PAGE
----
The first session, on user scenarios, began with two presentations of position papers. Madhu Reddy's presentation on "Learning About Potential Users of Collaborative Information Retrieval Systems" reported on his fieldwork studying current collaborative information retrieval practices of healthcare professionals. Brynn Evans' presentation titled "Towards a Model of Understanding Social Search" focused on results of a web-based survey wherein participants described their most recent Web search session, many of which involved social interactions. Following the presentations, workshop attendees discussed other examples of communities that might benefit from collaborative search technologies; suggested examples included students, faculty members, and the military, as well as businesses that conduct research, such as pharmaceutical companies. The group also discussed different roles that collaborators might undertake in different user scenarios – for example, two students researching a topic together in the library may have similar roles, whereas a librarian and student working together to research a topic might require different tools to accommodate their distinct levels of expertise.

In the second session, we focused on models of information seeking behavior. Ed Chi presented the second part of the paper co-written with Brynn Evans; the model mapped the data that Brynn described onto the sense-making model, and identified episodes of collaboration in the overall flow. Chirag Shah presented his model of collaborative information seeking that situates collaboration among other (less explicit) modes of communication (i.e., contribution, coordination, and cooperation) and postulated some necessary pre-requisites for collaboration (diversity of opinion, independence, decentralization, and aggregation). Finally, Max Wilson described his paper (co-authored with m.c. schraefel) "Evaluating Collaborative Search Interfaces with Information Seeking Theory." The paper uses Marcia Bates' Berrypicking formalism to identify opportunities for collaboration that should be supported by the systems that mediate the collaboration.

The third session of the workshop explored existing collaborative retrieval systems. Frank Hopfgartner began by presenting work on collaborative information seeking trails. While traditionally such methods have been developed for asynchronous, implicit collaboration, Hopfgartner made the case that similar techniques are also relevant to explicit scenarios because users are not just sharing the end results of a search, but are storing and sharing the process itself. Colum Foley argued that the two most important factors for the design of explicitly collaborative systems are sharing of knowledge coupled with division of labor. His experiments with collaborative relevance feedback yielded a decrease in result diversity. Complementary relevance feedback may therefore produce better overall group outcomes. In keeping with this diversity theme, Meredith Ringel Morris offered insights into properties of groups that lead to better collaborative performance. Division of labor in a shared task is more effective when it makes use of the differing expertise of each group member. Two major themes of this session were (1) the relative merits of simulation versus full interaction for evaluating collaborative systems, and (2) effectiveness metrics other than precision and recall. Proposed measures included information diversity or uniqueness, discovery rate, total task time, user (team) frustration, engagement and enjoyment, usability, energy or effort expended, opportunity, cost, and user (team) confidence in their coverage and overall satisfaction.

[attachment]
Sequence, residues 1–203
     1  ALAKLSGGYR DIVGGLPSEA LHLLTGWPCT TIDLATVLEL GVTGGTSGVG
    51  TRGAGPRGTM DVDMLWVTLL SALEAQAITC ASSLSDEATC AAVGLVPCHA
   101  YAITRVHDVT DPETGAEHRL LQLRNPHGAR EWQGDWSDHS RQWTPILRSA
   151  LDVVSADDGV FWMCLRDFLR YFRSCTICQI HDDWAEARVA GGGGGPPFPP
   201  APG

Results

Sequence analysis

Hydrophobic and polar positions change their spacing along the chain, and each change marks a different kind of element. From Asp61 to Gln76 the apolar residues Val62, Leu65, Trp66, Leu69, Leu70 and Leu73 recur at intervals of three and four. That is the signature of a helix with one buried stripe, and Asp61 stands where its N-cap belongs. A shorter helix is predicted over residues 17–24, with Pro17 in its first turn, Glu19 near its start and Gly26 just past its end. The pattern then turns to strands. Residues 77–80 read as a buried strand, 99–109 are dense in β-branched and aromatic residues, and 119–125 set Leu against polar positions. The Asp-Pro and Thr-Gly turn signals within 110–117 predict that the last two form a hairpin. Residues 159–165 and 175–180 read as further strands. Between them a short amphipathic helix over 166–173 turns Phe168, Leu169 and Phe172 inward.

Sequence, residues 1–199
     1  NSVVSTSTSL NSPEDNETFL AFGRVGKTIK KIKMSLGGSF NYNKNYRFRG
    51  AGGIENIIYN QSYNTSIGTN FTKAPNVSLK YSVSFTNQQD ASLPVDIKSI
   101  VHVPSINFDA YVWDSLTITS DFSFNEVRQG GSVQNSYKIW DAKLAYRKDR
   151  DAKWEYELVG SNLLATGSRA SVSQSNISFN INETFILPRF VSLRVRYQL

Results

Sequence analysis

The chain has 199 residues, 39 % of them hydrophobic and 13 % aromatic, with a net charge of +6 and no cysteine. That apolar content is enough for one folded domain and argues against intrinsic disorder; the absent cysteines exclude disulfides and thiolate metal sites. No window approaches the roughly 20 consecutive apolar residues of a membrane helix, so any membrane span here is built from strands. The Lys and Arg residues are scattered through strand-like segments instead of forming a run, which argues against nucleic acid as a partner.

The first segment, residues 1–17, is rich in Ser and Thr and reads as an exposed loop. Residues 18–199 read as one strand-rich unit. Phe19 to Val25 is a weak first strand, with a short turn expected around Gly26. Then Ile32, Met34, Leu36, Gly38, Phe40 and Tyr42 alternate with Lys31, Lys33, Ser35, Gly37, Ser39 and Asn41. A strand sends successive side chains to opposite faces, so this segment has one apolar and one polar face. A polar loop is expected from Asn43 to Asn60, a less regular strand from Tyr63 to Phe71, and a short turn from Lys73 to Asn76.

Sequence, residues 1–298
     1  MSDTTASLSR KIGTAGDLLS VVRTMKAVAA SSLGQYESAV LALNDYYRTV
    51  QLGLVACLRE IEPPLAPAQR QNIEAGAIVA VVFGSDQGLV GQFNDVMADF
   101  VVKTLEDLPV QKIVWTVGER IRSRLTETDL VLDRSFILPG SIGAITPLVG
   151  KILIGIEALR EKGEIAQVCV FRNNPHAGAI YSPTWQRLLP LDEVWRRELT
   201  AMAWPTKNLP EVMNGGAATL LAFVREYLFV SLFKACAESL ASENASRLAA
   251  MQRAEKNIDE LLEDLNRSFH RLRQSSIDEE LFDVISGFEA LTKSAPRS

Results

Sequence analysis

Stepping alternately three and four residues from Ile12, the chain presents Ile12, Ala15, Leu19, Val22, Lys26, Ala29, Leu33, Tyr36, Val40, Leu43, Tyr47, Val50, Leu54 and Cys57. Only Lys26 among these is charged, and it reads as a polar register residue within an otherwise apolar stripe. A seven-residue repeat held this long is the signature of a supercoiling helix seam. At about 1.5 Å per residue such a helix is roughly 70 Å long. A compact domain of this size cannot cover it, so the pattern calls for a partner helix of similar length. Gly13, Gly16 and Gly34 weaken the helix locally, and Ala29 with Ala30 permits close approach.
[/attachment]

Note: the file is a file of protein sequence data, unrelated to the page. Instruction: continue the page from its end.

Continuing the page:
At the end of the day, participants agreed that the area of explicitly collaborative information seeking contains a wealth of interesting and relevant open research problems for multiple communities; information retrieval, seeking and exploration; human-computer interaction; and computer-supported cooperative work (CSCW).

Workshop proceedings may be found at <>. We are looking forward to holding a follow-on workshop next year to learn about the progress that researchers have made in advancing the state of the art of collaborative information retrieval.

Copyright © 2008 Jeremy Pickens, Gene Golovchinsky, and Meredith Ringel Morris

Top | Contents
Search | Author Index | Title Index | Back Issues
Previous Conference Report | In Brief
Home | E-mail the Editor


D-Lib Magazine Access Terms and Conditions